NanoPi R4S - ARM64- FreeBSD

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The NanoPi R4S is an open source platform with dual-Gbps Ethernet ports. Perfect for setting up as a gateway for your home network. And even better FreeBSD runs like a dream on it =). You can get more info and buy your own here

In this post I will cover the steps to get it up and running from the latest FreeBSD Arm64 images. At this moment there is not a specific image but with this post, you will have it up and running in less than an hour.

Installation

Download the latest FreeBSD 13 image. At the moment there is not a specific image for the NanoPi R4S, however the RockPro64 image will suffice. This image will need to have the beginning sectors over written with NanoPi R4S u-boot loaders, which I will cover in this article.

1# wget https://download.freebsd.org/ftp/snapshots/arm64/aarch64/ISO-IMAGES/13.0/FreeBSD-13.0-STABLE-arm64-aarch64-ROCKPRO64-20211111-7647baa1e8f-248036.img.xz
2# xz -dv FreeBSD-13.0-STABLE-arm64-aarch64-ROCKPRO64-20211111-7647baa1e8f-248036.img.xz

NOTE: FreeBSD-13.0-STABLE-arm64-aarch64-ROCKPRO64-20211111-7647baa1e8f-248036.img.xz is the most recent image at the time of writing, however you can always find the most recent images here: https://download.freebsd.org/ftp/snapshots/arm64/aarch64/ISO-IMAGES/

Configuring the image

Once that is downloaded and uncompressed, I will make changes to the network configuration for the image. This can be achieved by mounting the device locally and editing necessary files, namely /etc/rc.conf as such:

Mount image under FreeBSD

1# mdconfig -a -t vnode -f /path/to/FreeBSD-13.0-STABLE-arm64-aarch64-ROCKPRO64-20211111-7647baa1e8f-248036.img.xz -u 0
2# mount /dev/md0p2 /mnt

Edit /etc/rc.conf and other files if necessary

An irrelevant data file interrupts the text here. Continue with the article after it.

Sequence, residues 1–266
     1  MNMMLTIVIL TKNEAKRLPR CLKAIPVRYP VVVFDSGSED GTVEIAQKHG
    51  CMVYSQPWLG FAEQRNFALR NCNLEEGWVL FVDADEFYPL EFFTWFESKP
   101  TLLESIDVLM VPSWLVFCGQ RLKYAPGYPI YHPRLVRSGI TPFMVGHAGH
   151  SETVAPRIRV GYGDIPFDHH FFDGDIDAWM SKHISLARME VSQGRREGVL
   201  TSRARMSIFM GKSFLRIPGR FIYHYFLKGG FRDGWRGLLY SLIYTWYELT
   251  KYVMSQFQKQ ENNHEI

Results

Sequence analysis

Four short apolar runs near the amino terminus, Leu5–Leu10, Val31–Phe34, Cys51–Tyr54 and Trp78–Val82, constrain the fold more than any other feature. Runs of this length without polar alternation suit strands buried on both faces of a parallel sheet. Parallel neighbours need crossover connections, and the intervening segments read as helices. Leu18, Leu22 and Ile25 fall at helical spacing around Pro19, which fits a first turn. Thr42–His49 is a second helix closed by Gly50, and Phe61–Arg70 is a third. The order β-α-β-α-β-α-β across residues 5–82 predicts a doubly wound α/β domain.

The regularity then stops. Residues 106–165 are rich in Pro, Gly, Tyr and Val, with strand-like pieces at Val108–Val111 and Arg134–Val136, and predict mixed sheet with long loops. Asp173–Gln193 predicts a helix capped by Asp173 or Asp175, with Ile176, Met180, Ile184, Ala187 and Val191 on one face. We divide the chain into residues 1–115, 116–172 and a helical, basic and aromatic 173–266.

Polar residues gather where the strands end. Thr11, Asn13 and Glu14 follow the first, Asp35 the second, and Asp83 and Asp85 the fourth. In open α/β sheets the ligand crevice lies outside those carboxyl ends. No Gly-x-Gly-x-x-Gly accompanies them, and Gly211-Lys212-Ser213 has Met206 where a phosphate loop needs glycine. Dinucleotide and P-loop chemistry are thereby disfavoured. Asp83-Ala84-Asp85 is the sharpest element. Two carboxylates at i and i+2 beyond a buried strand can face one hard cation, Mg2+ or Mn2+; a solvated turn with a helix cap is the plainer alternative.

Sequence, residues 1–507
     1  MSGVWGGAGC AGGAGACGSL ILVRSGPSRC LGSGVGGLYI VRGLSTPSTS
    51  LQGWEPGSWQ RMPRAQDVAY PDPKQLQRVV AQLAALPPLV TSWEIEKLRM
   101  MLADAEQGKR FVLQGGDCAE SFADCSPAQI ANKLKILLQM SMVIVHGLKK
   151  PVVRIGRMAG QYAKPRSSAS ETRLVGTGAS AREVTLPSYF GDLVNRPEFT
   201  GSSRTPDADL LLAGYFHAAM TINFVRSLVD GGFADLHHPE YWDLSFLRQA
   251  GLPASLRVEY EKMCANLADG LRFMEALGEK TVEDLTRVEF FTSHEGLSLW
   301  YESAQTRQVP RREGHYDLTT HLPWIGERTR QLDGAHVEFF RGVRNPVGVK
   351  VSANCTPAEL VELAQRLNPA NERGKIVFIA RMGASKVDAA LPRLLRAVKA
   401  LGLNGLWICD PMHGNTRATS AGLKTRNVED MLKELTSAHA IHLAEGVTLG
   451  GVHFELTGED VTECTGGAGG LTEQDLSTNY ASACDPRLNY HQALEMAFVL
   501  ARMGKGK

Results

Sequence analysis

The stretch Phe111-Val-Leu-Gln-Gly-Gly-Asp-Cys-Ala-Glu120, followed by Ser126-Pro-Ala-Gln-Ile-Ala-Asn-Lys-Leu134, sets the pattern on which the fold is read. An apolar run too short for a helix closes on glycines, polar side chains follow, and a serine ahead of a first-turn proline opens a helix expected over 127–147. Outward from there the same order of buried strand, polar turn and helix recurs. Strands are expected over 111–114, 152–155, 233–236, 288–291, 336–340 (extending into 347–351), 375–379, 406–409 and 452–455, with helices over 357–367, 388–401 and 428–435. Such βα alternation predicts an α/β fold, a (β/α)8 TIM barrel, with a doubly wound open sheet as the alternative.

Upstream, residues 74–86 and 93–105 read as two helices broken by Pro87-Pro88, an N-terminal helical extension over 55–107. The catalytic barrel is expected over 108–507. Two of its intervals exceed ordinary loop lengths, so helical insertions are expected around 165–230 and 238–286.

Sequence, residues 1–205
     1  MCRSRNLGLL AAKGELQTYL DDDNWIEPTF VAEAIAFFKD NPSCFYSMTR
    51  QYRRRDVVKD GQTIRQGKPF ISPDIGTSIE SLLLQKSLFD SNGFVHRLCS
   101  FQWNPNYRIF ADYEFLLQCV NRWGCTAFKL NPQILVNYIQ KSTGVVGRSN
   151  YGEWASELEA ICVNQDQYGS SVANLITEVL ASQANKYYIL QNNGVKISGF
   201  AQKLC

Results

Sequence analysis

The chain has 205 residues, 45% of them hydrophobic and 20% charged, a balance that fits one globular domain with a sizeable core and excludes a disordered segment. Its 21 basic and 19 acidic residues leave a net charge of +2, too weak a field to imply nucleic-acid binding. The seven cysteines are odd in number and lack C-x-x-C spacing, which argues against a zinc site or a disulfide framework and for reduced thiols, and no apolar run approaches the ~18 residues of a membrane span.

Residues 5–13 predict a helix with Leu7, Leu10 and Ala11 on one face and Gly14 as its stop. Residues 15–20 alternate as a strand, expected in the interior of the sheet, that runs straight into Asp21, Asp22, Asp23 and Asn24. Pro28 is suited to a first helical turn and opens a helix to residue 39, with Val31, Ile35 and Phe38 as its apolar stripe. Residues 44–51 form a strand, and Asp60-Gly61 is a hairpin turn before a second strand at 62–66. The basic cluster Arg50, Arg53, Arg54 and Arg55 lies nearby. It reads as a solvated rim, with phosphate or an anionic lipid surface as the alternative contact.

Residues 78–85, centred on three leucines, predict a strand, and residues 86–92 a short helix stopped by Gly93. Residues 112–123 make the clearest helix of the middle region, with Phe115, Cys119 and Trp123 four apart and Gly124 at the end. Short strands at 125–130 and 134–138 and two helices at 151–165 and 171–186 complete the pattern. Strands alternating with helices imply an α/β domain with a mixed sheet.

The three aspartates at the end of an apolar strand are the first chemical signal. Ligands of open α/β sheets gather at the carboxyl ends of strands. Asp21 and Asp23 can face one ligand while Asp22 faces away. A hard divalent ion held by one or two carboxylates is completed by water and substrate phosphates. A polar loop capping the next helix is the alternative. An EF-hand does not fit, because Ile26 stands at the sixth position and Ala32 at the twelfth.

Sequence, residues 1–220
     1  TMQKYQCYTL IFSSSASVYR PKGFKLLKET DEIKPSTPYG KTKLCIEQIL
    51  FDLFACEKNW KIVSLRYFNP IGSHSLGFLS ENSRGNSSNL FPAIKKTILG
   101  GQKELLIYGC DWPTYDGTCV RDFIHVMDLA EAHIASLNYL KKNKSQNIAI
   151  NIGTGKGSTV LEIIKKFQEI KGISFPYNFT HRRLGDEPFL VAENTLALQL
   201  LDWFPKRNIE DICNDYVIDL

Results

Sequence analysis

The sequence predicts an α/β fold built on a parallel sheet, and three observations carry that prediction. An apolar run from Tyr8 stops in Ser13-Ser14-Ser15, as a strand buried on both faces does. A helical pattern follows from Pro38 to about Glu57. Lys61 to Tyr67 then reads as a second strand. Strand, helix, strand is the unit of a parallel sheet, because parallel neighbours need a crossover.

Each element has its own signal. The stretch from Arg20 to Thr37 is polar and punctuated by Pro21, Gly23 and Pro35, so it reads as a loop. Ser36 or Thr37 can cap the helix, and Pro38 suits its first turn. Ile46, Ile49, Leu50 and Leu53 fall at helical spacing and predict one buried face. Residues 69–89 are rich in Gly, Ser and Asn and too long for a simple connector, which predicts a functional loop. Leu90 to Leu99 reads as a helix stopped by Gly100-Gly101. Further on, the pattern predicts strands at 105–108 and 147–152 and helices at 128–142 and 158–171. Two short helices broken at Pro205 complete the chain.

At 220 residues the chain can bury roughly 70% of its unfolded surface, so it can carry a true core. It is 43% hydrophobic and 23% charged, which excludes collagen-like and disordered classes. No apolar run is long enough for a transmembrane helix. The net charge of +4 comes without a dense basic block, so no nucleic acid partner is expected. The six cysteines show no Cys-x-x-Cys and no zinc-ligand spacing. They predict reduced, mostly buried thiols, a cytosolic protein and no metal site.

Here I will just change the default setting of DHCP for the interfaces, to my required IP addresses:

1# vi /mnt/etc/rc.conf
2hostname="generic"
3ifconfig_dwc0="192.168.0.254/24"
4ifconfig_re0="192.168.10.254/24"
5defaultrouter="192.168.0.1"
6...
7...

Note: Interface dwc0 is the WAN port immeadiately next to the USB C Power socket.

Umount image

1# umount /mnt
2# mdconfig -d -u 0

Burning image to SD Card

The following dd commands are issued from a Debian workstation as this was the only device that I had a SD Card reader on.

So after transferring this image to the Debian workstation, the image can be burned to SD Card as follows:

1# dd if=/path/to/FreeBSD-13.0-STABLE-arm64-aarch64-ROCKPRO64-20211111-7647baa1e8f-248036.img of=/dev/xxxx0 bs=1M status=progress
23215982592 bytes (3.2 GB, 3.0 GiB) copied, 201 s, 16.0 MB/s    
33072+0 records in                                              
43072+0 records out                                             
53221225472 bytes (3.2 GB, 3.0 GiB) copied, 263.346 s, 12.2 MB/s

So far, so good.

NOTE: Use caution wit dd and be certain that the of device is the device that you want to write to as this is irreverseable.

Overwriting the boot sectors for the NanoPi R4S device

The files that need to be written can be obtained by installing the u-boot-nanopi-r4s package on a FreeBSD system. Once you have installed this, the two files idbloader.img & u-boot.itb, located at, /usr/local/share/u-boot/u-boot-nanopi-r4s/, can be transferred, if need be, to where you have burnt the SD Card image previously.

Once you have these files in place, burn these two files to the SD Card:

1# dd if=/path/to/idbloader.img of=/dev/xxxx0 seek=64 bs=512 conv=sync
2297+1 records in                                                               
3298+0 records out                                                              
4152576 bytes (153 kB, 149 KiB) copied, 0.389605 s, 392 kB/s                    
5# dd if=/path/to/u-boot.itb of=/dev/xxxx0 seek=16384 bs=512 conv=sync
61735+1 records in                                                              
71736+0 records out                                                             
8888832 bytes (889 kB, 868 KiB) copied, 0.377964 s, 2.4 MB/s                    

Ready to roll

Once this is complete, you can insert this SD Card into your NanoPi R4S device and boot it up. It should take about 60 seconds before you get a ping response as the new system needs to resize the image at boot.

Once you are getting a response, you can now login via ssh as user freebsd with a password of freebsd. You can escalalate to root via the su - command and the password of root.

I have had mine for about 6 months and it has been running rock solid!

Happy Hacking!